A lot of pop artists use costume changes these days to aid in their song transitions. Robbie did this three times in his concert, unlike Madonna, Lady Gaga and Kylie Minogue for example that change clothes a multitude of times in a performance. Sometimes the costume change is for getting into character for a set of songs, it can be a quite powerful transition, as a visual aid for the audience and draw the eye to the entertainer.

    Robbie used stories from his own life as a transition to introduce songs to the audience. He did this many times in his performance and it was powerfully obvious that he held strong emotional connections to some of his songs. The emotions were reflected in his facial expressions and his body language as he sang the songs. Another transition he used was at times, he sat down on the stage as cue that he was going to sing softly and a more melancholic number.

    Other artists often use a current news story as a transition to a song. The song can be dedicated to a person, a group of people or a country involved. It is a way of connecting to the audience on a deeper level, the words of the song can reflect a tragedy or major upheaval in the world that has made us all open our eyes.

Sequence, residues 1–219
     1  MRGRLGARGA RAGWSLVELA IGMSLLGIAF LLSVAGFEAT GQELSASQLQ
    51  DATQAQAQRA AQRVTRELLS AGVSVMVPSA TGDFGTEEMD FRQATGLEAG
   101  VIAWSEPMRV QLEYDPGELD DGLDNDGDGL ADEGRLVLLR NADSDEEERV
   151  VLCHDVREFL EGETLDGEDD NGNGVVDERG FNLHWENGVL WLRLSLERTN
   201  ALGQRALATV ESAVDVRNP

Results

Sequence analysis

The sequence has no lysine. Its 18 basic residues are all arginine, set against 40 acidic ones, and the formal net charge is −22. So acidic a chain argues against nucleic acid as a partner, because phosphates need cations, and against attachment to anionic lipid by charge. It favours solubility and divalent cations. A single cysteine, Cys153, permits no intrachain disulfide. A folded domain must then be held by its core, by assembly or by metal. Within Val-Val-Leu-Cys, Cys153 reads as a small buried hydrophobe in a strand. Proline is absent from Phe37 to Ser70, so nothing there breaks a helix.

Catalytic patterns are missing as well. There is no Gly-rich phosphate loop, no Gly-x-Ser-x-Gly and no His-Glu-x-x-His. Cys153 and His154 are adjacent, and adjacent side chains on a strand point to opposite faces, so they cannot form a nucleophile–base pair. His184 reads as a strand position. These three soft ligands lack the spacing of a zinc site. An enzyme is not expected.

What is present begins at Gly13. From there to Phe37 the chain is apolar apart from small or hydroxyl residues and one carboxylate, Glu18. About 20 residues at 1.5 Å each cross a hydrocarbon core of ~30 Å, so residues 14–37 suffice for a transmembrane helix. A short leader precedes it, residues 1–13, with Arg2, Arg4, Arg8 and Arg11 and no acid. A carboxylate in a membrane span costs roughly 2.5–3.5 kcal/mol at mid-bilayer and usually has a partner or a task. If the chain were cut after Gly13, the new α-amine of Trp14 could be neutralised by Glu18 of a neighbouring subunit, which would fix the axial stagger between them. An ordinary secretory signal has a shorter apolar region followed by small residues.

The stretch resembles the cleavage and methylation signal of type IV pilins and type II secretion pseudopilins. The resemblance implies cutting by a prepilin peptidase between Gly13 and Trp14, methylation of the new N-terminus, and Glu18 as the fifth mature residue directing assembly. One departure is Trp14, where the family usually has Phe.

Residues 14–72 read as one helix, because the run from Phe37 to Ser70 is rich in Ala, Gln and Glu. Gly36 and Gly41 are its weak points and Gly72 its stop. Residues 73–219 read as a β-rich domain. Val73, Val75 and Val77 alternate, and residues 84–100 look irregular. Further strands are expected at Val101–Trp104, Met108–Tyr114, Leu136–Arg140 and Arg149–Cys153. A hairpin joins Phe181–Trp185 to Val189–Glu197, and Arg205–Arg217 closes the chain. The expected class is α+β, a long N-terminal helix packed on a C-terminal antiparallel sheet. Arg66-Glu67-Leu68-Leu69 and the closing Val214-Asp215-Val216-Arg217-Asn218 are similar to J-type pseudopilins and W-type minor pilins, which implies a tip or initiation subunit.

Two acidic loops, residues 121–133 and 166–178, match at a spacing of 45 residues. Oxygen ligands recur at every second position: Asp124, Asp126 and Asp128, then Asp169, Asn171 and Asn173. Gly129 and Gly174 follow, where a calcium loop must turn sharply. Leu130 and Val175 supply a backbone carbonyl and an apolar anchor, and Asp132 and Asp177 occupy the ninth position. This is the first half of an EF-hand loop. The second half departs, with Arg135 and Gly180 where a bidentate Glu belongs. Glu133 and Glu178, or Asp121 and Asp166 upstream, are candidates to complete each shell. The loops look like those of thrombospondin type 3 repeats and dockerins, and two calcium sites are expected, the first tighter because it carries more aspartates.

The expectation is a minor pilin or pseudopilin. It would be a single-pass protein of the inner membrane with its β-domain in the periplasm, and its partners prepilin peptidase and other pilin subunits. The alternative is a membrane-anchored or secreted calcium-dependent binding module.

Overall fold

All pop entertainers seem to begin a concert with just the band playing the introduction to a song and then a few minutes in, the artist appears, to roars of applause and begins performing the song. Robbie was no exception to this introduction and his first song was a very upbeat, up tempo number. “Let Me Entertain You”. In the first half hour of the concert, the energy level of Robbie was in high gear as he drew his audience in, whilst dancing, running around the stage, encouraging clapping to songs and hands waving in the air. Audience participation was encouraged right from the start, both by Robbie and his female backing vocalists. His opening transition showed the audience they were in for a thrilling ride.

    Transitions props were used throughout the concert, this is so common now in pop concerts that it is expected rather than just seeing an impressive lighting extravaganza. The props used throughout Robbie’s performance also helped to set the mood of some of his songs by giving a visual and to help the audience relate more to the song being performed.

    After the first half hour of an explosion of up tempo songs, Robbie transited into some slower, soulful numbers. The transition to these songs was achieved by talking to the audience whilst the opening bars of a song were played by the band. Even though the songs he sang were mellow during this set, he still managed to maintain a high state of energy on stage whilst singing them.